The Psychedelic Furs and Lene Lovich Band ride a wave of 80’s nostalgia in North London.
The passing of time seemed irrelevant as the O2 Forum, Kentish Town hosted a sell-out crowd that lapped up every minute of what these iconic artists had to offer.
The early 80s New Wave era successfully bridged the gap between punks gobbing on audiences and new romantics blinding them with sparkling diamante jackets. One of the most significant bands of the time were the Psychedelic Furs. The Furs might have only troubled the top 20 once (‘Pretty In Pink’ from the film soundtrack of the same name reached number 18 in 1986, though on release in 1981 it reached only 43), but their sound influenced scores of artists that followed – listen to ‘Sister Europe’ and try not to think about Nirvana. The band went on hiatus in 1991, reforming ten years later and although the Mk II version of The Psychedelic Furs hasn’t released any new studio albums, they continue to tour to packed audiences. Last week, I was lucky enough to catch ‘The Singles Tour’ at a sold out O2 Forum in Kentish Town. This is a tour does what it says on the tin. There are no obscure album tracks to appease the picky mega fan here, just ninety minutes of bangers.
But before the Furs arrived, we had tasty hors d’oeuvres in the form of Lene Lovich – another 80s icon who influenced the likes of Toni Basil, PJ Harvey and Björk. Lovich emerged initially to a small crowd – the headliners faithful evidently preferring to prop up the Bull & Gate next door. She played the Tommy James and the Shondells song ‘I Think We’re Alone Now’ (later covered by another 80s princess, Tiffany) early in the set and it seemed strangely appropriate. It didn’t stay that way though. The crowd arrived in droves and by the end it was absolutely rammed. If Lovich is paid by the extreme hand gesture and wide eyed stare, she must be doing very well indeed – she certainly did make an arresting sight and was a photographer’s dream. ‘Lucky Number’, the song everyone remembers was confidently played mid-set and once it was time to go: ‘The Psychedelic Furs are waiting, so we’d better hurry up’, she was met with cries of ‘No!’ from those wanting to extract every drop of the New Wave vibe.
Except the Psychedelic Furs were waiting and in truth, so were the crowd. Only 40% of the original line up (front man Richard Butler and his brother, bassist Tim) remain intact, but this detracted nothing from the quality and energy of the performance. They opened with Dumb Waiters from the 1981 ‘Talk Talk Talk’ album. Richard and Tim drew much of the attention, not only for the obvious fact that they formed the band, but because they clearly retain a close rapport and spent much of the time sharing the same parts of the stage. Behind the brothers are drummer Paul Garisto and keys player Amanda Kramer, both veterans from the first instalment of the band and both formidable musicians who have an impressive CV of session and touring work – most notably with Iggy Pop (Garisto) and 10,000 Maniacs (Kramer). It’s no surprise that they deliver an epic backdrop to the sound. Stage right is guitarist Rich Good. A comparative newbie, Good joined the Furs in 2009. His playing is incisive and tight. There’s nothing flashy here, but his licks and flicks give the band a contemporary bite. Aside from the brothers Butler though, most eyes are drawn to saxophonist Mars Williams; another stalwart from Mk I whose sax parts practically define the Furs’ sound. Williams has big lungs for a small man – and they’re needed, not only to blast the instrument but to keep him whizzing about the stage as he does so.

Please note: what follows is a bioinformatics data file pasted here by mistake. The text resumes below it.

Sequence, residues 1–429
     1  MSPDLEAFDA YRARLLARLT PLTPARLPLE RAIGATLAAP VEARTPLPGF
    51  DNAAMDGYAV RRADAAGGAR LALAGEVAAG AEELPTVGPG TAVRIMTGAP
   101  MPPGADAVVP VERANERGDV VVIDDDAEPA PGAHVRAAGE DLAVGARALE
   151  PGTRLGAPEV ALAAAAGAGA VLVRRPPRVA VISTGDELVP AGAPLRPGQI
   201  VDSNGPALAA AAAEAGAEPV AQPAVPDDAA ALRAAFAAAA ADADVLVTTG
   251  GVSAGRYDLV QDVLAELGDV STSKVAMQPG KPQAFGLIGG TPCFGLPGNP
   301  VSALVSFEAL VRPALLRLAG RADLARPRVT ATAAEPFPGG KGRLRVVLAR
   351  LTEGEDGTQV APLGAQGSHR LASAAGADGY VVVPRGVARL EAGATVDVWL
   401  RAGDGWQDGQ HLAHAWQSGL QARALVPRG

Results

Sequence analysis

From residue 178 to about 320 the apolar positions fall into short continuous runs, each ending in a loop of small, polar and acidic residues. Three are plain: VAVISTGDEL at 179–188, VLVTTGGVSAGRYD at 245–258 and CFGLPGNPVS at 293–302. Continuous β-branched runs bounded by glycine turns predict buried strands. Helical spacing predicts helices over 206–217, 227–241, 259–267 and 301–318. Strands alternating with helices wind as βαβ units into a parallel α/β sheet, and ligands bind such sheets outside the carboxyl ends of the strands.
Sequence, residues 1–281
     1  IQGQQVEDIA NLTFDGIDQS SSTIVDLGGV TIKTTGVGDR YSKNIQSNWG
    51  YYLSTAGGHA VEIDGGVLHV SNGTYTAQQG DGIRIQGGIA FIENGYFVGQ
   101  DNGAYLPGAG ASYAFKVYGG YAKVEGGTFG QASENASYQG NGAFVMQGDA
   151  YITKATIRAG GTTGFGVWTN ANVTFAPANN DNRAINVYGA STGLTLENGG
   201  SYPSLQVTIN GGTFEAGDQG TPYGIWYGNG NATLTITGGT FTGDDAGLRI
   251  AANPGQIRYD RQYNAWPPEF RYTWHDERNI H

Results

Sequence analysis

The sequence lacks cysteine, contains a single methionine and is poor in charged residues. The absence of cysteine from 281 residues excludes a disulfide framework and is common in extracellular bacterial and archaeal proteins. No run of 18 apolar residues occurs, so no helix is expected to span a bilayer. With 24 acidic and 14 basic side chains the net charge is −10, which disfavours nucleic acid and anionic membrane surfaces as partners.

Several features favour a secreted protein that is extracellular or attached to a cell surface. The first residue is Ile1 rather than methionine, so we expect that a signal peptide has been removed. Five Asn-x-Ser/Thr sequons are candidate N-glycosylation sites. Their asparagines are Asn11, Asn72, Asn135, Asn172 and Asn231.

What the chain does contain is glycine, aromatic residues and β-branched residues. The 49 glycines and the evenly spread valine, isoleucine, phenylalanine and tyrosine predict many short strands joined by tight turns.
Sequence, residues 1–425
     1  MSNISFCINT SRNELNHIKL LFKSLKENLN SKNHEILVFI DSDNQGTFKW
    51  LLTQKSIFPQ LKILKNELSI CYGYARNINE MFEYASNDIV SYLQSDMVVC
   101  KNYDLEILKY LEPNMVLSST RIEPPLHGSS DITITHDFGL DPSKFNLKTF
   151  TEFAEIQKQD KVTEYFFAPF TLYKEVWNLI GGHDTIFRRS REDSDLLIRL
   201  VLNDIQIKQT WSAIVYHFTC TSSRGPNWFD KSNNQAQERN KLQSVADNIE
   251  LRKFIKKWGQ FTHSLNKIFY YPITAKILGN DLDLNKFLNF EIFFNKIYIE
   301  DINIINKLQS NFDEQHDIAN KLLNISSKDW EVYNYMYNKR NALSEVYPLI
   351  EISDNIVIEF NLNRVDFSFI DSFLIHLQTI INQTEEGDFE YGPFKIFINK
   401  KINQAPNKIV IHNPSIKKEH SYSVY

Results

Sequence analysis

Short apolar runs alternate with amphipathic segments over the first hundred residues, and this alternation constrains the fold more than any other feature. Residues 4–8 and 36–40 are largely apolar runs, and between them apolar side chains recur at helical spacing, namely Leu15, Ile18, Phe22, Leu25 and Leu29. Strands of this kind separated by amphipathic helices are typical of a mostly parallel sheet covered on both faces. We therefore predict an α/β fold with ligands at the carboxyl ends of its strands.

The songs played tonight might not be that well known to passers-by, but to the faithful wedged into the Forum they were all anthems deserving of maximum respect. These people know their stuff; whilst the ‘No Crowd Surfing’ signs were unnecessary for an audience of a certain age, it did feel good being surrounded by a sell-out of like-minded individuals – people who don’t shout their way through songs or watch them through a 4.7” display held aloft. Like Lovich, the band gave away their signature song early – ‘Pretty In Pink’ being played fourth – but the intensity of the performance remained throughout the nineteen song set.
After two encores, ‘Sister Europe’ and ‘President Gas’ (this latter song appearing on the 1982 album ‘Forever Now’ was a thinly veiled attack on then US President Ronald Reagan, though it’s never seemed more prescient than now) the crowd called for more. The Psychedelic Furs duly obliged, returning to close the show with a rowdy version of ‘India’, which left Rich Good’s chorus laden guitar ringing in our ears and around our heads.
Andy Warhol called The Psychedelic Furs ‘The greatest band in the world’ and who am I to argue. Richard Butler might be sixty-one years old but based on the vitality and energy that he and his band displayed tonight I wouldn’t count on the Furs bowing out anytime soon. The ‘Singles Tour’ continues in the United States through September and October.